The 75 Best Songs of 2013

by PopMatters Staff

3 January 2014


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Neko Case

On a largely staid and pensive album, “Man” is where Neko Case is able to just fucking let loose. Thrust forward by drums that gallop like a mustang herd and M. Ward’s caffeine-jittering guitar licks, Case projects a character fueled by righteous ire and a declaration of self that bursts from being stifled for so long. Whether the narrator is a transgender woman or a male who doesn’t live up to macho stereotypes is up to the listener, but either way, in the vehicle of Case’s inimitable voice and scathing lyrics, the figure is a confrontational badass, shedding his or her identity crisis amid this middle-finger waving anthem.  Cole Waterman



Kanye West
“Black Skinhead”

The opening 20 seconds of “Black Skinhead”—the wolves-are-coming riff, drums and Marilyn Manson quote—might be the aural representation of Yeezus’ ethos. The sounds are indelible, but Kanye West‘s breathless, unhinged, slightly deranged rhymes steal their thunder. Emulating and commenting on the idea of black man, and black superstar, and Kanye the egoist, as “menace”, he’s “getting his scream on”, as he puts it, but also introducing the God/King/Demon persona that drives the album. (Even in this setting he can’t keep from throwing in bad puns/jokes, keeping alive the idea of Kanye as stand-up comedian.) Musically, the song well-represents the build-up/rip down approach he took to the album. There are nearly 20 names credited with writing or producing the song, but there’s just one name on the marquee, and he likes it that way. Dave Heaton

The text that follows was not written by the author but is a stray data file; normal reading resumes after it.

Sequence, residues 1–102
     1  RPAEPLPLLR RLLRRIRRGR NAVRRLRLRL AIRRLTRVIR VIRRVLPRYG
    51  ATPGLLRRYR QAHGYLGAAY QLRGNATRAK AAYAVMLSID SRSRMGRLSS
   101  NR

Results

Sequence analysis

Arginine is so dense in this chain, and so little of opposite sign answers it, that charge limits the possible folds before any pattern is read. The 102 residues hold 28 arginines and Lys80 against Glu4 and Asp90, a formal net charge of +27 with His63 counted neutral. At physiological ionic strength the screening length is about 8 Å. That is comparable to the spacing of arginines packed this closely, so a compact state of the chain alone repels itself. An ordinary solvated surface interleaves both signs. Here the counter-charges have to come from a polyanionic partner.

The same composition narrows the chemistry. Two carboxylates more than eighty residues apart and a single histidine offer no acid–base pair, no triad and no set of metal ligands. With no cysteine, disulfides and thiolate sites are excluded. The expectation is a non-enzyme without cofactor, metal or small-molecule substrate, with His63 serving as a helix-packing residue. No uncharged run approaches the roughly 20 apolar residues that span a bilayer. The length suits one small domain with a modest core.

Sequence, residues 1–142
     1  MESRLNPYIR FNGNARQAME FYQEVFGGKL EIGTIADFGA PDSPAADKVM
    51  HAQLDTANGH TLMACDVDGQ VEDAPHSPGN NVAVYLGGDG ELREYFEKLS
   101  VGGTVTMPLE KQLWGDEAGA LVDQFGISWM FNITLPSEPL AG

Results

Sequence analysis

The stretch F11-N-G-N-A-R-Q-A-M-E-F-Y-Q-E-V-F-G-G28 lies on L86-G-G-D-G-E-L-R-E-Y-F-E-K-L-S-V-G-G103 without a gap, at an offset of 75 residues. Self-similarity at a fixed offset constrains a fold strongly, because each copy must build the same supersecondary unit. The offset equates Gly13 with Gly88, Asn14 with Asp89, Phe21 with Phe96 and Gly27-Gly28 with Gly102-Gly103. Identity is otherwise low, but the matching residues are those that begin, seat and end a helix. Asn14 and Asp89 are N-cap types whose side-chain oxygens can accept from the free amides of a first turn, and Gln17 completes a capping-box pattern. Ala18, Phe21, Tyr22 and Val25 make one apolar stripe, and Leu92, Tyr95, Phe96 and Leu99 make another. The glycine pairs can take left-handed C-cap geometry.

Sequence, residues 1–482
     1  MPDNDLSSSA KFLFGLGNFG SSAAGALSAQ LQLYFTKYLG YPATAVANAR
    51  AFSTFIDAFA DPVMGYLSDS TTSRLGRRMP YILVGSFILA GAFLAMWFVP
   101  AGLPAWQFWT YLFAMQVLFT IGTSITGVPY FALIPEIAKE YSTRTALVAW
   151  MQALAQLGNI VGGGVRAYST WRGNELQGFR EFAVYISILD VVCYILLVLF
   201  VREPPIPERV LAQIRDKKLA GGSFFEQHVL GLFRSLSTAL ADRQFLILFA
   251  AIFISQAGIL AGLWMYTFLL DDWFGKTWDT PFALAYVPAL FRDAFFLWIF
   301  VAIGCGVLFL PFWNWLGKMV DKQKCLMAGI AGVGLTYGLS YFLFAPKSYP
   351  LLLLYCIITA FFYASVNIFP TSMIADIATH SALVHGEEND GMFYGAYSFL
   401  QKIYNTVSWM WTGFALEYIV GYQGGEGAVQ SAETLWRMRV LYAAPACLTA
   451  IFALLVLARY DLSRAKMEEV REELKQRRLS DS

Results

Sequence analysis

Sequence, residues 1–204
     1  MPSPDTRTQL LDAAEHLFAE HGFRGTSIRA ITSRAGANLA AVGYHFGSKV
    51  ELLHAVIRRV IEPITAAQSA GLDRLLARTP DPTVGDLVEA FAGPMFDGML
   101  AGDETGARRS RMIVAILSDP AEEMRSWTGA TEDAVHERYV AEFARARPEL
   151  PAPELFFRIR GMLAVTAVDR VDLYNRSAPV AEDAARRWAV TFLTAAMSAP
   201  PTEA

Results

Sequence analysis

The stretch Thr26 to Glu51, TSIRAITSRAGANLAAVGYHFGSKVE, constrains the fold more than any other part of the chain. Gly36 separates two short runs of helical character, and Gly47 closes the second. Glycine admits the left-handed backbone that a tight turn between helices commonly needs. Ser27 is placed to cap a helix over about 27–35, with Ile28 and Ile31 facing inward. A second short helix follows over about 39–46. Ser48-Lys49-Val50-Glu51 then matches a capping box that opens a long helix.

Call me the chest-beating, hair-rending, existential angst-ridden type, but news headlines can bring me to tears. Tales of suffering, past and present, creep up to my bed in shadowy form at 2.30AM and sit heavily beside me. Surely such tales haunt Bastille’s Dan Smith, as well. Eros and Thanatos, libido and mortido serve as the sonic flames and shadows in “Pompeii”, the moving song that has propelled this talented band to fame. Indeed, with its gorgeous, primal chorus, “Pompeii” could be an anthem for the regenerative spirit of humankind, albeit an anthem sung amidst the rubble of our sins. In a mere three and a half minutes, “Pompeii” gives us much-needed, heart-pumping optimism. Karen Zarker


cover art

John Newman


John Newman
“Love Me Again”

On an album full of stadium-sized stunners, “Love Me Again” was the song that broke massive in the UK and also the tune that says “John Newman” better than any other. Full of passion, wicked beats and sublime vocals, it’s the best dance and R&B song of the year. Imploring his former girlfriend to “Love Me Again”, Newman draws deep from his inner Otis Redding to illustrate his heartbreak. It draws from classic Stax-style southern soul married to contemporary British dance music. The story is timeless, everyone can relate, and you dance yourself up to a full sweat in the four-minute run-time. If you doubt that British dance/R&B is the greatest flowering of new music in 2013, then “Love Me Again” will convince you otherwise. Sarah Zupko



Daft Punk
“Get Lucky”

It became one of the most indelible images of 2013: four silhouettes backed by a blazing sunrise. The corresponding soundtrack, however, is what set the music universe on fire. A hybrid of classic and contemporary dance music sensibilities, “Get Lucky” kept the world “up all night” for the better part of 2013. The question wasn’t “who’s heard the new Daft Punk single” but “who hasn’t?” In the second decade of the 21st century, only a few songs reach the level of ubiquity that “Get Lucky” achieved this year. The reason for that is more than luck. It’s the individuals behind those four shadows: Daft Punk members Thomas Bangalter (guitar) and Guy-Manuel de Homem-Christo (drums), Pharrell Williams, and Nile Rodgers. Pharrell might ask “What is this I’m feeling?” but we all know. It’s the most infectious groove of the year. Christian John Wikane

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